The New York Times
By ANNIE MURPHY PAUL MAY 15, 2014
Reading improves brain cells in dyslexia
Research led by Guinevere Eden, director of the Center for the Study of Learning at Georgetown University Medical Center contends that Dyslexia is not a problem of seeing, but a problem of processing language, of assembling individual sounds into words.
Visual deficits, according to the latest thinking, are not the cause of dyslexia. They are a result of less reading, of experience. Ms. Eden’s research indicates that this disparity in gray matter, like dyslexics’ visual deficits, is caused by less experience with reading. When the right experience (intensive tutoring and more reading time) is introduced, the amount of gray matter in dyslexics’ brains comes to resemble that of normal readers.
According to Dr. Harold Levinson, the above theories of dyslexia presented by Eden and others have very little explanatory capability and are incompatible with a vast array of data characterizing the vast majority of dyslexics. In fact, all reading and non-reading dyslexic symptoms can be replicated by spinning normal individuals around until they and their signals are dizzy.
As researched by Levinson, dyslexia is a syndrome of many reading and non-reading symptoms. This syndrome results when initially normal brain structures fail to adequately compensate for the “dizzy” or scrambled signals received and transmitted. And these dizzy signals result from a fine-tuning impairment within the inner-ear and its supercomputer-the cerebellum. This theory simply explains why most dyslexics have coexisting non-reading writing, spelling, math, memory, speech…symptoms, are characterized by only balance and coordinations signs and symptoms of inner-ear origin, have normal and superior cerebral brains, and respond favorably to inner-ear-enhancing meds and therapies.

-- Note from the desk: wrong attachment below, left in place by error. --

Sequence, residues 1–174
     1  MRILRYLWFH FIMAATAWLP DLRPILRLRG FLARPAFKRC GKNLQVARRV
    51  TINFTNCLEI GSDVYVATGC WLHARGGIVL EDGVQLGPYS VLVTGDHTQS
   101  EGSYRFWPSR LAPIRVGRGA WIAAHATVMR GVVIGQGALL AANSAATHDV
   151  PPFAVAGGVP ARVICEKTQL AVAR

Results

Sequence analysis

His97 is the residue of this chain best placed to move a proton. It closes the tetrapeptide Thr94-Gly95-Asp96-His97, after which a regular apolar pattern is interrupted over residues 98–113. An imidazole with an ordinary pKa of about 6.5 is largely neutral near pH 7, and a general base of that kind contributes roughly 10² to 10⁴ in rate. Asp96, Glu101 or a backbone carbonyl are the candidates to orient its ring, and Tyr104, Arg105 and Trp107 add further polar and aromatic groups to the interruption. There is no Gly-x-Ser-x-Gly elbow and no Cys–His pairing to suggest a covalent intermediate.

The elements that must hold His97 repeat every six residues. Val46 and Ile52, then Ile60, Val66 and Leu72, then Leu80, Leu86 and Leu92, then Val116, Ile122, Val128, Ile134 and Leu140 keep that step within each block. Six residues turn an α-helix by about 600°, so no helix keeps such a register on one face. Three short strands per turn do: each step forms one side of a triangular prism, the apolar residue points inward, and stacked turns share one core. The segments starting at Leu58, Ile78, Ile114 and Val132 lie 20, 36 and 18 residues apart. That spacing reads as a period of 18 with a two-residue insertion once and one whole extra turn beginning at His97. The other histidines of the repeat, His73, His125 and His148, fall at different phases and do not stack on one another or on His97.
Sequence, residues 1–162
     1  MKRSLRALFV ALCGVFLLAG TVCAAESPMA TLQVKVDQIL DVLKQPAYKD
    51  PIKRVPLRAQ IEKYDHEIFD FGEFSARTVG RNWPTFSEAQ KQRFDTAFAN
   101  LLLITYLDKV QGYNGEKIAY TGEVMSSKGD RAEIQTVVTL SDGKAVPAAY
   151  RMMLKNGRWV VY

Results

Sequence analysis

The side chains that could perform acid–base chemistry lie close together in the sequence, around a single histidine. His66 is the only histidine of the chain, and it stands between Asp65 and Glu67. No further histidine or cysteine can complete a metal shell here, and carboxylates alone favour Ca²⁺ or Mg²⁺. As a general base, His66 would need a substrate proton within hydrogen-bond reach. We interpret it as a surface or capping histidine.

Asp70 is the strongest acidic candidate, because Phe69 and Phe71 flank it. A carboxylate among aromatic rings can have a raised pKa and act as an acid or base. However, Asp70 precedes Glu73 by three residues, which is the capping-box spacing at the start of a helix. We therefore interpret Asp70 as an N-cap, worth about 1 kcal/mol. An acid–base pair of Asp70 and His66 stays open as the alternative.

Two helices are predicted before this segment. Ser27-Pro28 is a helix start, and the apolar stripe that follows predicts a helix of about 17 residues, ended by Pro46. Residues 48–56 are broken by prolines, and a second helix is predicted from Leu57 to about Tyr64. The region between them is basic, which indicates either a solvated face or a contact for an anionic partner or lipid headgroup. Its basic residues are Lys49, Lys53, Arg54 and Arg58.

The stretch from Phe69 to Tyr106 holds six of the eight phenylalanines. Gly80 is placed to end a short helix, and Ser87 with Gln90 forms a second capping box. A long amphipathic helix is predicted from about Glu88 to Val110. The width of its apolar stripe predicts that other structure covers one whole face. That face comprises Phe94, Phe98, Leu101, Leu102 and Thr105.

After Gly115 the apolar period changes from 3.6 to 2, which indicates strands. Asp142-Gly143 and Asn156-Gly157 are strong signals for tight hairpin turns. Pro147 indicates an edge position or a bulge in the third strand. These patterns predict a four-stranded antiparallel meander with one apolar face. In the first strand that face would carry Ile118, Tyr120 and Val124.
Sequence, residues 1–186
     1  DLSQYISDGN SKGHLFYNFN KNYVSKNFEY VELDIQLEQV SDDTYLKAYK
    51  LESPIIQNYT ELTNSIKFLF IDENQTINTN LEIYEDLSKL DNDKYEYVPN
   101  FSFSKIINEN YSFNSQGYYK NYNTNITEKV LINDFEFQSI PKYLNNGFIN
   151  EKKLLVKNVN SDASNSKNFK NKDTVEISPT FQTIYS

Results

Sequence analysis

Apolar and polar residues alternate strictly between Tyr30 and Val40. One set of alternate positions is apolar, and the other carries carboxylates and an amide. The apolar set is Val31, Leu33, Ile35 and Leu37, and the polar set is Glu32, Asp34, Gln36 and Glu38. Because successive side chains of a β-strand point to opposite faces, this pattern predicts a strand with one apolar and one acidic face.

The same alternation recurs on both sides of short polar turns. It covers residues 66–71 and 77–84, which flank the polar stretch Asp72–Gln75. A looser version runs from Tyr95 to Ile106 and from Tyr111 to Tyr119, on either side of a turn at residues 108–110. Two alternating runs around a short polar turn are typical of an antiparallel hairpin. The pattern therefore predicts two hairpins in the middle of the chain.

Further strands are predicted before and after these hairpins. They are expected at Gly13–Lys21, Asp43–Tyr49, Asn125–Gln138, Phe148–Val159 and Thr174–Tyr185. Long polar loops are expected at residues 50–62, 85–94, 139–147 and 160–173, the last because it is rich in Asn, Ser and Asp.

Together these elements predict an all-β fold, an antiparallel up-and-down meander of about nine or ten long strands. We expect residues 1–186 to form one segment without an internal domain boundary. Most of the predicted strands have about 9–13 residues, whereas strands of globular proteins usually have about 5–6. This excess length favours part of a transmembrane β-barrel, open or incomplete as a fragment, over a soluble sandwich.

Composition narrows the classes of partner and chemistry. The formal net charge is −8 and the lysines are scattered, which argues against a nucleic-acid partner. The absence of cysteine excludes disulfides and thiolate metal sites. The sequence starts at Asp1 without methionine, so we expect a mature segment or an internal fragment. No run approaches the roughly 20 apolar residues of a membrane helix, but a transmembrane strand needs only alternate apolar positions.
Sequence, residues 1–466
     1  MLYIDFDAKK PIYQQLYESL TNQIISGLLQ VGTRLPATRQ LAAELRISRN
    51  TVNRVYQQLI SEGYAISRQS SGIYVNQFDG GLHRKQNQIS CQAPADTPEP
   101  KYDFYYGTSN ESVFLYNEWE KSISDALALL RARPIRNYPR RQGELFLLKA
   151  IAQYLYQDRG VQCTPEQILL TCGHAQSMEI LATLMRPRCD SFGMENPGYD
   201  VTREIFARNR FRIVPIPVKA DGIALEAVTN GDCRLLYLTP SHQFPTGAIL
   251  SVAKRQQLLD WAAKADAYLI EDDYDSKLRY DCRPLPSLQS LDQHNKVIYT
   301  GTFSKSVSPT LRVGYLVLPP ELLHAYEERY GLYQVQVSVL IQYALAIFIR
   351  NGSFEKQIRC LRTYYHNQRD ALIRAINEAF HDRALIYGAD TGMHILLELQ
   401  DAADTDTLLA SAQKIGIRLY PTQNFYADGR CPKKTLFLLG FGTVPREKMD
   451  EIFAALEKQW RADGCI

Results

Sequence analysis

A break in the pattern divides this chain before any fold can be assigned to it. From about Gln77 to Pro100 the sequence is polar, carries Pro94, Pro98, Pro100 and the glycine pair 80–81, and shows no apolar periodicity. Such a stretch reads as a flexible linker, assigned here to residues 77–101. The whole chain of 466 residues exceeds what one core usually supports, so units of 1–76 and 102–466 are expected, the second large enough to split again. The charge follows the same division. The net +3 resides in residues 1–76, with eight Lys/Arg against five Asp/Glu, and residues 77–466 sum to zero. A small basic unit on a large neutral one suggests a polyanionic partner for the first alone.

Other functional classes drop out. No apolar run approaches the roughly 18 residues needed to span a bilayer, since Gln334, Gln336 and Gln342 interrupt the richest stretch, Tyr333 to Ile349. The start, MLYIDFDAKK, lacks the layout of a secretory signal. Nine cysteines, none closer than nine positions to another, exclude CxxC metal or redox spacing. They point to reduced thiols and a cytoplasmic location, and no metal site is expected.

The cerebellar signal theory of dyslexia also explains why non-reading secondarily decreases cerebral cells, whereas reading stimulates their growth. By analogy, not using muscles leads to atrophy, and the reverse.
About Harold Levinson, M.D.
Formerly Clinical Associate Professor of Psychiatry at New York University Medical Center, Dr. Harold Levinson is currently Director of the Levinson Medical Center for Learning Disabilities in Long Island, New York. He is a well-known neuropsychiatrist, clinical researcher and author. For more information, call 1(800)334-7323 or visit: http://www.dyslexiaonline.com
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